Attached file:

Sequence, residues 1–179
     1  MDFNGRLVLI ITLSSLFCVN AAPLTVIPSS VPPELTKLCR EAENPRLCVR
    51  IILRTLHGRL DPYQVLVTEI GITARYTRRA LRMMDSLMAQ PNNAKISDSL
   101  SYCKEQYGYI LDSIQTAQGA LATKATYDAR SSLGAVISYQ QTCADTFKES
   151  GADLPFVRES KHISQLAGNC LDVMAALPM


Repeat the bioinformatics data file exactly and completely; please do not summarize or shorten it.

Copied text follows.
Sequence, residues 1–179
     1  MDFNGRLVLI ITLSSLFCVN AAPLTVIPSS VPPELTKLCR EAENPRLCVR
    51  IILRTLHGRL DPYQVLVTEI GITARYTRRA LRMMDSLMAQ PNNAKISDSL
   101  SYCKEQYGYI LDSIQTAQGA LATKATYDAR SSLGAVISYQ QTCADTFKES
   151  GADLPFVRES KHISQLAGNC LDVMAALPM